When any object goes through the air, a thin cushion of air wraps around it that stays relatively still. This boundary layer is why you get dust trapped on your ceiling fan. At slower speeds, the air around a soccer ball moves smoothly over the surface and separates off the sides of the ball at its widest points. Imagine a ball moving from right to left across a clock, Goff explains, so traveling from the 3 to the 9. With laminar flow, the air flows over the surface and then flows off at the 12 and 6, which creates more drag in the air. Drag slows the ball down faster. At higher speeds, the air moves turbulently across the ball’s surface and peels off at the 2 and 4. The wind effectively wraps around the back. This turbulent flow has less drag, which means the ball keeps moving at high speed for longer.
Changes in temperature will also affect the inflation level of the soccer ball. Extreme heat or extreme cold will alter the shape of the bladder and this will affect the integrity of the soccer ball. Although it doesn’t seem like you could reach an extreme temperature that could do this to a soccer ball, just leaving a ball in your trunk or the back of a van on a hot Summer’s day will do it.
This Wilson Traditional Soccer Ball has a classic black and white design that kids are familiar with. For that fact, kids will have no problem becoming acquainted with this fun soccer ball with it’s non-distracting design. This is a very tough soccer ball with machine sewn stitching to ensure that the panels stay in place and the stitching will not fray as your kid kicks it up and down the soccer field or in the backyard. This Wilson Soccer Ball is so tough that even your family pet and kid may play together without the ball getting ruined. With it’s synthetic leather exterior, this Traditional Soccer Ball by Wilson is not only eco friendly, but easy to clean, too. The soft synthetic leather makes it very easy to write your kid's name onto the ball so that it will not get mixed up with the other kids they may play with in view of the fact that soccer balls promote social play.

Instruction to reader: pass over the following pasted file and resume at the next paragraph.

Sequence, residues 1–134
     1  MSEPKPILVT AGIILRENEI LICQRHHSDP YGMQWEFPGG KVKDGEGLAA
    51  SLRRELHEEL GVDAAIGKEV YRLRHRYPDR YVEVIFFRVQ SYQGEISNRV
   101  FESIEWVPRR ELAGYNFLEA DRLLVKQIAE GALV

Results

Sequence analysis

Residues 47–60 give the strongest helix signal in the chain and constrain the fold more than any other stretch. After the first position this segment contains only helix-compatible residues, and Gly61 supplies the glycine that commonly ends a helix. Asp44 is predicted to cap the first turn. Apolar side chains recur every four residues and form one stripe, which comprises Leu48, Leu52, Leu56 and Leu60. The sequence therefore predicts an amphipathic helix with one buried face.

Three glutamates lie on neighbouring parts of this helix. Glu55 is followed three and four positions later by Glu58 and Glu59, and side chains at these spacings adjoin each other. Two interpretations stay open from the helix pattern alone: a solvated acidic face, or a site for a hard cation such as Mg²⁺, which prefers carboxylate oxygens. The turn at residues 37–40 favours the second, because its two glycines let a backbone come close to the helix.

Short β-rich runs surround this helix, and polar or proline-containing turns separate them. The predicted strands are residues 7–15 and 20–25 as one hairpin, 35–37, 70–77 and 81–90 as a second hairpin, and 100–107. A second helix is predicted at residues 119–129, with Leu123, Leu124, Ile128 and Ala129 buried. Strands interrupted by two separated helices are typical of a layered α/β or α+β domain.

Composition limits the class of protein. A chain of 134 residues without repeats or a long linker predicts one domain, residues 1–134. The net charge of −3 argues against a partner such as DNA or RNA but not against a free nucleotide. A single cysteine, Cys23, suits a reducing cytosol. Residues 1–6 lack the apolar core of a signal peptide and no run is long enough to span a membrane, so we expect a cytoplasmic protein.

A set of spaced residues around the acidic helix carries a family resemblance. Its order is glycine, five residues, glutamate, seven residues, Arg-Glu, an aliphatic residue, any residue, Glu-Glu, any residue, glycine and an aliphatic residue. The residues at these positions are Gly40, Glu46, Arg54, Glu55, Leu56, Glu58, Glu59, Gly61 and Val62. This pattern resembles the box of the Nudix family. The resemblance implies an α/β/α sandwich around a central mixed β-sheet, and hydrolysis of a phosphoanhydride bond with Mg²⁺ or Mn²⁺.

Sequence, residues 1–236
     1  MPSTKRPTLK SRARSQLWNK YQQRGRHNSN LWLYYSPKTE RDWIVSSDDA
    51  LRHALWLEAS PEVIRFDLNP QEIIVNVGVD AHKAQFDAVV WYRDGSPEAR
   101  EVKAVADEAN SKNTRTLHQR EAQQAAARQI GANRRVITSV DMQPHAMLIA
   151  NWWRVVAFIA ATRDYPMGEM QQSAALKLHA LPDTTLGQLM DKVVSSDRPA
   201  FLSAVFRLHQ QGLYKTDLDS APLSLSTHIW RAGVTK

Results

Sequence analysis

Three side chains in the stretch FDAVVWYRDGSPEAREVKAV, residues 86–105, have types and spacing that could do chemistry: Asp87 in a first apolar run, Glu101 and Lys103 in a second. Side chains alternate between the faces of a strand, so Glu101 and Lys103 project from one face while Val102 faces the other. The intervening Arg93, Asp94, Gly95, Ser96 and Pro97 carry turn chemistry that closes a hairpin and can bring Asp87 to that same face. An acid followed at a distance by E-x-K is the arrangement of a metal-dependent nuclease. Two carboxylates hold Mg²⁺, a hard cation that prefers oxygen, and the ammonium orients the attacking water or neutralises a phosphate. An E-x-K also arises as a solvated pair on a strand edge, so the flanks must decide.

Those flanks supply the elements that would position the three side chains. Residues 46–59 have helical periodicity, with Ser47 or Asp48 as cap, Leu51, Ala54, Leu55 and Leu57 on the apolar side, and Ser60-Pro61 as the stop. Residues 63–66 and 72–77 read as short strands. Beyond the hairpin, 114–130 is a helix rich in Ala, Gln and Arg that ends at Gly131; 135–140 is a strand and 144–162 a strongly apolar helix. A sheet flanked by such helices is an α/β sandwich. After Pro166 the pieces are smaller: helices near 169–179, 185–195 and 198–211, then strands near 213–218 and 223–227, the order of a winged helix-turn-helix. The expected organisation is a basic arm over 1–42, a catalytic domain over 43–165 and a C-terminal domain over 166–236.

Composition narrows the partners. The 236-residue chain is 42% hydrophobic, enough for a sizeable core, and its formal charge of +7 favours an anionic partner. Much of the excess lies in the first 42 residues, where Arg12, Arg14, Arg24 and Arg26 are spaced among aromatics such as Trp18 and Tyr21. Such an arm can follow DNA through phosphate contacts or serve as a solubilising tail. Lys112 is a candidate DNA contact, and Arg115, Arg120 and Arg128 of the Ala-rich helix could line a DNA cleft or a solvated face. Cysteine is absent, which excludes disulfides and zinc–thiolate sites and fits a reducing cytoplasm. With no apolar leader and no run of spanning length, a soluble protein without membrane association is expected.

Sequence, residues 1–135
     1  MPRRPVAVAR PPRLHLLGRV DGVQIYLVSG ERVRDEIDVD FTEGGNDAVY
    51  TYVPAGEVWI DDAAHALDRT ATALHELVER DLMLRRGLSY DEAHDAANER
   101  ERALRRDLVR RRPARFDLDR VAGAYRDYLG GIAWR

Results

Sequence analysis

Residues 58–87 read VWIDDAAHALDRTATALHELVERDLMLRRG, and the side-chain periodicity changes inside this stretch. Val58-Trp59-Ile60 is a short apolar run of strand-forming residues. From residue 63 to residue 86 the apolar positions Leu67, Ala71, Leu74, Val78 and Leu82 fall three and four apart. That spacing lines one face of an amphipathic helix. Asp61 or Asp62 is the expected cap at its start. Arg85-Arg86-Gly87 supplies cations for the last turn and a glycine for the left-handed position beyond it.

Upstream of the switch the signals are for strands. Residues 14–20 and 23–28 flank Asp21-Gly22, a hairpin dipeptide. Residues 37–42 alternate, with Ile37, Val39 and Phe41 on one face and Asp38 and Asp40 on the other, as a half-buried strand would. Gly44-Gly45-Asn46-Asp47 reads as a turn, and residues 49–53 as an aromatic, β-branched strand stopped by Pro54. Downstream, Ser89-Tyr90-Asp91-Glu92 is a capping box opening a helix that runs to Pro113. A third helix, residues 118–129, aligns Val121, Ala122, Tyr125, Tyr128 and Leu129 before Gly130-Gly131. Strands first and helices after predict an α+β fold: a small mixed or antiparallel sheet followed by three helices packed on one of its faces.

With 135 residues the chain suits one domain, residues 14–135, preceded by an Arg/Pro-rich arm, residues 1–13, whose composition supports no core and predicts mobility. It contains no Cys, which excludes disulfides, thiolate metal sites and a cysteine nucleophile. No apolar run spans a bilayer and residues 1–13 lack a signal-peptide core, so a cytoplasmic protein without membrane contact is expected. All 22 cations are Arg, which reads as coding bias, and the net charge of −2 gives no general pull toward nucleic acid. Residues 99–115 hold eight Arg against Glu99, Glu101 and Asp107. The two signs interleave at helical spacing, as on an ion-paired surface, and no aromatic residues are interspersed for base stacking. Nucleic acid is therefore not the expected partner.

“I kind of feel sympathy for the players and especially the goalkeepers that have to get used to a new ball,” Goff says. So far the Telstar 18 has received criticism from a few goalkeepers that played with it starting in November, unhappy with how it moves in the air and the way the surface feels. Goalkeepers, unlike every other player on the pitch, have to predict where the ball will go in order to block it, while also not having the freedom to run around the field to adjust as the ball flies. That means goalies often have the most complaints about a new design. “Every time there’s a World Cup and a new ball the goalkeepers complain, because they’ve been given a new ball,” says Goff.
2010 Jabulani Adidas This ball has 8 panels. A special variant was used for the final match, the gold Jo'bulani (picture on the left), which was named after "Jo'burg", a standard South African nickname for Johannesburg, site of the final game. The ball was notable for the controversy it attracted, with players and fans contending that its aerodynamics were unusually unpredictable. 
When a tournament is held (like the FIFA World Cup), the sponsor of the event will design a brand new ball. These are official match balls – they’re used by professionals during real matches. They are designed to the highest possible build quality, have textured surfaces to improve stability in flight, and feature thermally-bonded panels for durability.
Built for durability, recreation balls are made of soft synthetic materials for play on nearly any field. Typically, these balls are slightly heavier for beginner’s slower play, yet, competitors of all skill levels use these balls for practice and recreation on hard turf fields due to their resilience. Machine-stitching is the most stand-out visual difference between match balls and training balls and it offers a consistent touch for any player.